SharePoint vs OneDrive vs Better Proposals: Does Microsoft Really Know Best?
Since the 90s, Microsoft has been the dominant player in the computer operating system market. Whether you subscribe to the idea that it was the case of right place and right time, questionable practices, or the combo of both, it doesn’t change the facts.
Microsoft is the household name for software around the world and their office productivity suite, Microsoft 365, now controls half of the market. Both SharePoint and OneDrive are part of Microsoft 365. But just because a lot of people use them, doesn’t mean they’re the best place for your business documents.
What we’ll cover
- What’s the difference between SharePoint and OneDrive?
- SharePoint vs OneDrive vs Better Proposals
- Round 1: User interface
- Round 2: Document creation
- Round 3: Document management
- Round 4: Signatures and payments
- Round 5: Pricing
- Round 6: Support
SharePoint vs OneDrive: What’s the difference anyway?
While they are technically two separate products, there’s some crossover between the two that leaves many people unclear on what the difference is. If you’re not one of them, feel free to skip over this part.
Both SharePoint and OneDrive are centralized document storage spaces. However, SharePoint’s main purpose is to be an intranet platform, whereas OneDrive should be used for storing personal files.
SharePoint vs OneDrive vs Better Proposals
Round 1: User interface
Most of the confusion users have when it comes to SharePoint and OneDrive comes down to product design. Microsoft 365 is supposed to be an all-in-one solution that you can use both online and offline. For organizations with multiple users, this means you get to create, modify, sync, store, and share files across devices. However, the user interface setup takes some getting used to.
OneDrive file search and sharing
Even if you enter OneDrive, the search bar at the top of the page isn’t isolated only to OneDrive files. Instead, your search results will include all the files inside your Microsoft 365 account. This means all the files you uploaded, as well as all the files your colleagues shared with you.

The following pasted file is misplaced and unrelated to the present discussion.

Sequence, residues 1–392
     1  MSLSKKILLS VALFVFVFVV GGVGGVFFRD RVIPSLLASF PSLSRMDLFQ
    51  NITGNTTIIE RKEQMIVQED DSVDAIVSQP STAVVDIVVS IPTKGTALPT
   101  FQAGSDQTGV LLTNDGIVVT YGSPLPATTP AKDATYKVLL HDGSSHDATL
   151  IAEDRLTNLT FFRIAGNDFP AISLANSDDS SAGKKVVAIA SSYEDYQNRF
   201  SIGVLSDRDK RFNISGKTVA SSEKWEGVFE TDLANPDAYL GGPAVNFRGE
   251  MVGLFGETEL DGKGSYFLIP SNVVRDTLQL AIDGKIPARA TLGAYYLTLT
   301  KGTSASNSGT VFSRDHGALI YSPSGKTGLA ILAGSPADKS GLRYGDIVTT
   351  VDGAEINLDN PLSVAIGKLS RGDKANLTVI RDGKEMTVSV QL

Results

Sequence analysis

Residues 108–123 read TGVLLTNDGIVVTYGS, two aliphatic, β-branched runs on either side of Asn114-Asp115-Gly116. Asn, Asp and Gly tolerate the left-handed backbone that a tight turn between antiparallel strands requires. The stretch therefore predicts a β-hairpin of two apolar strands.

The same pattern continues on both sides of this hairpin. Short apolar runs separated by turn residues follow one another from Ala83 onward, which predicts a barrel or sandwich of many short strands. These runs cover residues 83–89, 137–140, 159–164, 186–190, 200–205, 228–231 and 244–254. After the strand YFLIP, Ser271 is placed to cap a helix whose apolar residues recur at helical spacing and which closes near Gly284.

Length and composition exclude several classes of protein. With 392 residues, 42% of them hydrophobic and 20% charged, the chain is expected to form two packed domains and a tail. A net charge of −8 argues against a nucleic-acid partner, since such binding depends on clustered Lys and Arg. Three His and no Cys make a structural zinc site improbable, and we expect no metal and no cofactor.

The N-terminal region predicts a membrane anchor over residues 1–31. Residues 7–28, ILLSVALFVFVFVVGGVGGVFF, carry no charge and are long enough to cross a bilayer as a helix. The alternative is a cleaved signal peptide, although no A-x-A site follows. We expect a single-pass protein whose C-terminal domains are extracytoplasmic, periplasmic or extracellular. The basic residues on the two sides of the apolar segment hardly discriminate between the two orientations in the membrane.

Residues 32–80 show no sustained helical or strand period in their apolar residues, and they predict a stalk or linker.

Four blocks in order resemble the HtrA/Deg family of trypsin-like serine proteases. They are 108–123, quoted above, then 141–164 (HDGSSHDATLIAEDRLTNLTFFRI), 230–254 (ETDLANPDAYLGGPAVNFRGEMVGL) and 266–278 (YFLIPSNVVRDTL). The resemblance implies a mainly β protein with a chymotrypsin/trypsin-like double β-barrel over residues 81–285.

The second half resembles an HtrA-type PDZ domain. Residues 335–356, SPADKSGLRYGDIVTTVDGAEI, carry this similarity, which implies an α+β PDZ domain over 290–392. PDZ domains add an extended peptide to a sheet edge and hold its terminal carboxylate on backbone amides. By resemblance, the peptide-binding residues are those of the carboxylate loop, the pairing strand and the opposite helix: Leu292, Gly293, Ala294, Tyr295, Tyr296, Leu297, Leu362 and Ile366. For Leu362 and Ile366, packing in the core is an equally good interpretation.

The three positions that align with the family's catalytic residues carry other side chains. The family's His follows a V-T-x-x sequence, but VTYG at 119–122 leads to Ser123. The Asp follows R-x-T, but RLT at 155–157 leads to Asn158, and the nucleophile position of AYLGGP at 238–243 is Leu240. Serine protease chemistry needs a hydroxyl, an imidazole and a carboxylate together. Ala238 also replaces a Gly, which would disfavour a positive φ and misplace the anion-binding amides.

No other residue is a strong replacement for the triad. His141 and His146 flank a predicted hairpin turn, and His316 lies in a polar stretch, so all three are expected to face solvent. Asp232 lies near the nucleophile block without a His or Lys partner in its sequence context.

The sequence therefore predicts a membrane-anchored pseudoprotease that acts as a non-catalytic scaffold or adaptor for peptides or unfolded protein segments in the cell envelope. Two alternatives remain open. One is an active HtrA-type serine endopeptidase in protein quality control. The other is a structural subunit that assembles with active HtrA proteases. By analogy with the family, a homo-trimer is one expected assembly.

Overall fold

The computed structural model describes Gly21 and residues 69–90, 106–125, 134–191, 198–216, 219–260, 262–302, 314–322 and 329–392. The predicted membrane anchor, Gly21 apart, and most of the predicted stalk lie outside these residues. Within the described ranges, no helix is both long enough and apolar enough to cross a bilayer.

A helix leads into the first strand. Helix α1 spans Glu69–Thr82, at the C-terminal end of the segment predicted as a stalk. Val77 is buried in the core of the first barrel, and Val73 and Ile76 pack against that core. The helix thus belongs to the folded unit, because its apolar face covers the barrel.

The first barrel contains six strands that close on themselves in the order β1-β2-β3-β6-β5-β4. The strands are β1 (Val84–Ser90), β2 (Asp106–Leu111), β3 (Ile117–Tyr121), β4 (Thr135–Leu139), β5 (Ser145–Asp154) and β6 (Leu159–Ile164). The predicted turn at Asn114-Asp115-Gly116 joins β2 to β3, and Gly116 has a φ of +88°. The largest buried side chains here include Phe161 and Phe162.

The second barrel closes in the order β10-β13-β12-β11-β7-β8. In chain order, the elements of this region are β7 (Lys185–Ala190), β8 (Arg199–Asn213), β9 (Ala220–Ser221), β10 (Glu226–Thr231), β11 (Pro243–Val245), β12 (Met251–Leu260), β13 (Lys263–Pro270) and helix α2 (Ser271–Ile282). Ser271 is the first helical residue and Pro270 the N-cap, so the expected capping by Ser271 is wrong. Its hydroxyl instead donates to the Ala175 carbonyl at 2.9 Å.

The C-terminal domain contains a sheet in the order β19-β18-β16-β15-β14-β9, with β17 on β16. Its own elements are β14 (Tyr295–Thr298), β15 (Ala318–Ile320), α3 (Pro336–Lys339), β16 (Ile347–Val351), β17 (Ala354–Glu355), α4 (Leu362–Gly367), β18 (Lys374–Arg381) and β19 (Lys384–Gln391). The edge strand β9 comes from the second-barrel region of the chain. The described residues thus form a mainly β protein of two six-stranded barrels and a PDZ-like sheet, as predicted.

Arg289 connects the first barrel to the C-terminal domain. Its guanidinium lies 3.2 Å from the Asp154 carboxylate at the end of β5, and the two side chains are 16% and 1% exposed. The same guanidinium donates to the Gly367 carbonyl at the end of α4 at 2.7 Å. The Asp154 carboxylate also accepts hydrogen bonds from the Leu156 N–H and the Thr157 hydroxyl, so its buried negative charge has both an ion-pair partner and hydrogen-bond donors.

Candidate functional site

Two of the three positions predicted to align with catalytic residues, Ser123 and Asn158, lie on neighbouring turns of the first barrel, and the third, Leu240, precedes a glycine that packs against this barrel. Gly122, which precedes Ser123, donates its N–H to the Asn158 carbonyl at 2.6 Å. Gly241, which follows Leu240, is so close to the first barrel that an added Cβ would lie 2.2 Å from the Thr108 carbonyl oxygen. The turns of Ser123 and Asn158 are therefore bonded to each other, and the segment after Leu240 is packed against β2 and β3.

While this can be useful to an extent, it can also get very messy pretty fast. For instance, if your team sends a lot of proposals, those Proposal_Working_Version files pile up and you end up spending more time than you’d like to searching for the right one.
Similarly, going to your Recent tab will not show you only OneDrive files, but all the files across Microsoft 365 that you’ve recently accessed. And the same goes for your Shared tab.
SharePoint file search and sharing
Unlike OneDrive, the SharePoint search bar is isolated only to SharePoint files. That said, SharePoint functions on the premise of being a centralized place for sharing team files or company-wide files via Sites. Another thing to note is that SharePoint automatically creates a Site for every team in Microsoft Teams, as well as separate file spaces for each channel.
In practical terms, this means all files you share in a Microsoft Teams channel automatically go to the team’s SharePoint page. Anyone with channel access now also has access to the file. However, if you share a file in a Teams private message, it goes to OneDrive.
Better Proposals files and sharing
All of that sounded like a bit too much with files running all over the place? Or maybe you just don’t like the potential of ending up with a huge, messy document database? Then Better Proposals is the place to be.
In Better Proposals, all your business documents are stored in the same place. There’s no switching back and forth between interfaces because everything is handled with Folders. So how do you share team-specific files? Easy – just add team members into a Team, set up permissions and you’re good to go.
Round 2: Document creation
Since both SharePoint and OneDrive are part of Microsoft 365, both interfaces include an option to create a document online rather than uploading it. However, the document you end up creating is in Word or another Microsoft app.
This means the same old, plain A4 format, formatting nightmares, and overall unimpressive documents your clients have seen a hundred times before. What’s more, while you can set up document templates, what you can’t do is automatically populate information. This means manual entry, and manual entry means more room for error.
With Better Proposals, there are no local files to sync. Everything you do is completely online and saved into a single company account. What’s more, thanks to our Editor, the formatting and spacing is handled for you.
When it comes to data entry, Better Proposals also has automatic input fields. This means you can reduce manual entry to a minimum and send your clients the perfect document every time. And if they need you to make some changes, they can contact you in real time thanks to our live chat integrations.